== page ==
This volume promotes the dialogue between approaches to sequence analysis that developed separately, within traditions contrasted in space and disciplines. It includes the latest developments in sequential concepts, coding, atypical datasets and time patterns, optimal matching and alternative algorithms, survey optimization, and visualization.
Field studies include original sequential material related to parenting in 19th-century Belgium, higher education and work in Finland and Italy, family formation before and after German reunification, French Jews persecuted in occupied France, long-term trends in electoral participation, and regime democratization.
Overall the book reassesses the classical uses of sequences and it promotes new ways of collecting, formatting, representing and processing them. The introduction provides basic sequential concepts and tools, as well as a history of the method. Chapters are presented in a way that is both accessible to the beginner and informative to the expert.
This volume makes use of rich longitudinal data from a unique Australian project to examine these issues. Drawing on broader theories of social change and demographic transitions in an international context, each chapter provides a detailed empirical assessment of the ways in which Australian adults negotiate their work and family lives. In doing so, the volume provides important insight into the ways in which recent demographic, social and economic changes both challenge and reproduce gender divisions.
The text is divided into three parts:
- Part I: A brief introduction to (Schwartz) distribution theory. Elements from the theories of ultra distributions and (Fourier) hyperfunctions are given in addition to some deeper results for Schwartz distributions, thus providing a rather comprehensive introduction to the theory of generalized functions. Basic properties and methods for distributions are developed with applications to constant coefficient ODEs and PDEs. The relation between distributions and holomorphic functions is considered, as well as basic properties of Sobolev spaces.
- Part II: Fundamental facts about Hilbert spaces. The basic theory of linear (bounded and unbounded) operators in Hilbert spaces and special classes of linear operators - compact, Hilbert-Schmidt, trace class, and Schrödinger operators, as needed in quantum physics and quantum information theory – are explored. This section also contains a detailed spectral analysis of all major classes of linear operators, including completeness of generalized eigenfunctions, as well as of (completely) positive mappings, in particular quantum operations.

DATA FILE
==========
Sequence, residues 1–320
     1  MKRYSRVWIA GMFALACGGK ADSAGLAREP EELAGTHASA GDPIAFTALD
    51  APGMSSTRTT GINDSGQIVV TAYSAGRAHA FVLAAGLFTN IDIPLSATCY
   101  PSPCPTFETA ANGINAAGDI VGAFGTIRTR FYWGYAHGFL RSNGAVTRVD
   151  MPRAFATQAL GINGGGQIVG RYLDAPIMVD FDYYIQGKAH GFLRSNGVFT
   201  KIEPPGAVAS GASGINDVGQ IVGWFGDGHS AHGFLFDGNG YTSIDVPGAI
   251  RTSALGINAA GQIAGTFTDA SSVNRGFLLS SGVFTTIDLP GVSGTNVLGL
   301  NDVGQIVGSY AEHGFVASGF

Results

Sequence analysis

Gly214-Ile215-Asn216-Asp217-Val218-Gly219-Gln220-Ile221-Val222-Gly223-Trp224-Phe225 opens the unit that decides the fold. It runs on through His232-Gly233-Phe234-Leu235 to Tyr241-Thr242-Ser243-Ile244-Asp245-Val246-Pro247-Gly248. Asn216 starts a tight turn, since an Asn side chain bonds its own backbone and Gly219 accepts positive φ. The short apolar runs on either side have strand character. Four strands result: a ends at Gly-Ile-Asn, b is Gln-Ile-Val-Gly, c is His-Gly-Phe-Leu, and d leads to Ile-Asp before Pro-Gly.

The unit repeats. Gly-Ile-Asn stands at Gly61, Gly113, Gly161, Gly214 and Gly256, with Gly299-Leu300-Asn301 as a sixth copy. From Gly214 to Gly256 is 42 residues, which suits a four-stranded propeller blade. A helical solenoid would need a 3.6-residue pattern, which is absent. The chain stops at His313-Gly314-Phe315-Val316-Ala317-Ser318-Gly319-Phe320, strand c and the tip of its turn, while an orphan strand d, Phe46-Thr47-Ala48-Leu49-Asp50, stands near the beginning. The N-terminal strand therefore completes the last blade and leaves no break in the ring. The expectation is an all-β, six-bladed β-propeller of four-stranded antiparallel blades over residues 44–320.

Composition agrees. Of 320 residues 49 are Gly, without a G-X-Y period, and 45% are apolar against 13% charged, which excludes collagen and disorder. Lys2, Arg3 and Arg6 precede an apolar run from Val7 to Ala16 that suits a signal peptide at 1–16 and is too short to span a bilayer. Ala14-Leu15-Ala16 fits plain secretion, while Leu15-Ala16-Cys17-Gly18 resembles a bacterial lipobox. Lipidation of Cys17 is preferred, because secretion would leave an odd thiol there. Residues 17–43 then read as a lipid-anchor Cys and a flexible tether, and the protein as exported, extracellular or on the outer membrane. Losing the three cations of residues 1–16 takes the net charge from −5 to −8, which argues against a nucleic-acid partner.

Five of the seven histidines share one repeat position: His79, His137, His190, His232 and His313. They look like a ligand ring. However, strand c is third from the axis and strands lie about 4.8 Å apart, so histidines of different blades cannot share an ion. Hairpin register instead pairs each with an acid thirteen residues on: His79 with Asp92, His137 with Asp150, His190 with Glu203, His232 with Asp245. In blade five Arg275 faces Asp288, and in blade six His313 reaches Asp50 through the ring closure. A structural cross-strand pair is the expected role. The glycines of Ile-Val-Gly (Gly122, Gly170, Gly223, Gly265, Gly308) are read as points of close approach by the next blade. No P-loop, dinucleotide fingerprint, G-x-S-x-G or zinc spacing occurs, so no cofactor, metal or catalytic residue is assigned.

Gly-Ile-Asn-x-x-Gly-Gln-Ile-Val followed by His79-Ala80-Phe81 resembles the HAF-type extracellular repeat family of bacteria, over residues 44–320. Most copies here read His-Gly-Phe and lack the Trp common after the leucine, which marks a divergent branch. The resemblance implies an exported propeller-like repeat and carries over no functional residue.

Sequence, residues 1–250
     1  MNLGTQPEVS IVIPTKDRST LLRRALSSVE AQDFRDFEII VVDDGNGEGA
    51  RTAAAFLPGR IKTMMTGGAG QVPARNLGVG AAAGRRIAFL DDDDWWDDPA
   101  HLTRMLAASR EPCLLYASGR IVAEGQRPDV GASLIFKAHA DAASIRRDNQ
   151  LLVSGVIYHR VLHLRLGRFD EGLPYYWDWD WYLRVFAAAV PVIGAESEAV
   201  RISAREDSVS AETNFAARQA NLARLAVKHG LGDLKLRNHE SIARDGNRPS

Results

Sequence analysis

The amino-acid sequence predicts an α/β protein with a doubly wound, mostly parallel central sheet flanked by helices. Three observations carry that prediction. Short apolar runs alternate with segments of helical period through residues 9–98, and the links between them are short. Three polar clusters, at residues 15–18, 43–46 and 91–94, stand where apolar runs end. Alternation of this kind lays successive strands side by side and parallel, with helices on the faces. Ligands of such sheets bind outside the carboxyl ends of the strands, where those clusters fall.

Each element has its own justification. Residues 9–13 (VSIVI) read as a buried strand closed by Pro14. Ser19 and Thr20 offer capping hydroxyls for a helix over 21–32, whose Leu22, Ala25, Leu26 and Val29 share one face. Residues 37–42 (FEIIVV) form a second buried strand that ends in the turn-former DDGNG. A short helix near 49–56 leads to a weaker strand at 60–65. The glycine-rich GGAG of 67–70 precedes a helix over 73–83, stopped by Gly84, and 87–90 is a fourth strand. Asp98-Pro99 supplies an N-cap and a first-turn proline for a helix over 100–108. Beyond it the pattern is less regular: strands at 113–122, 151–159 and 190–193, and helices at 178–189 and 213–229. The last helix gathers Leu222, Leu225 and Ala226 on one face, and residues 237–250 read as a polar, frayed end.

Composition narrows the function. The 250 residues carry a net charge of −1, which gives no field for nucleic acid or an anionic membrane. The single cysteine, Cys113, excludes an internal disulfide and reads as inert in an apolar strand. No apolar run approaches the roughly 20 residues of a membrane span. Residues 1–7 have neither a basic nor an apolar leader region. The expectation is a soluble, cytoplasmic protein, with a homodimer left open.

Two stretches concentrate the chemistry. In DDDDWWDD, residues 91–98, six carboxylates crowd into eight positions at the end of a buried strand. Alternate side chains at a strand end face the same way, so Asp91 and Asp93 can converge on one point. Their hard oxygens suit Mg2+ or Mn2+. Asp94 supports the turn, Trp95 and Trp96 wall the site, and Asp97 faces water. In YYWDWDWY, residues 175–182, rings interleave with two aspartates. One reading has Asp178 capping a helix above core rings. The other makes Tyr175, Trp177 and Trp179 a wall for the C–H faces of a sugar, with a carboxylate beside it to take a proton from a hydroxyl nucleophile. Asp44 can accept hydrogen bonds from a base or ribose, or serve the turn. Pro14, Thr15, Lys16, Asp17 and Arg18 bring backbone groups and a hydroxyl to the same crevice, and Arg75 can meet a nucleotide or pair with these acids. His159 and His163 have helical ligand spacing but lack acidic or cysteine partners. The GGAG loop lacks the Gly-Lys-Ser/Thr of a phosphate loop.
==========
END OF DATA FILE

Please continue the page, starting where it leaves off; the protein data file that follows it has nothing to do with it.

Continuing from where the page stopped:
- Part III: Direct methods of the calculus of variations and their applications to boundary- and eigenvalue-problems for linear and nonlinear partial differential operators. The authors conclude with a discussion of the Hohenberg-Kohn variational principle.
The appendices contain proofs of more general and deeper results, including completions, basic facts about metrizable Hausdorff locally convex topological vector spaces, Baire’s fundamental results and their main consequences, and bilinear functionals.
Mathematical Methods in Physics is aimed at a broad community of graduate students in mathematics, mathematical physics, quantum information theory, physics and engineering, as well as researchers in these disciplines. Expanded content and relevant updates will make this new edition a valuable resource for those working in these disciplines.
The essays examine a wide range of health issues, including the consequences of military service on body mass index, childhood obesity and cardiovascular health, socio-economic inequalities in preventive health care use, depression and anxiety during the child rearing period, health trajectories and transitions in people with cystic fibrosis and oral health over the life course.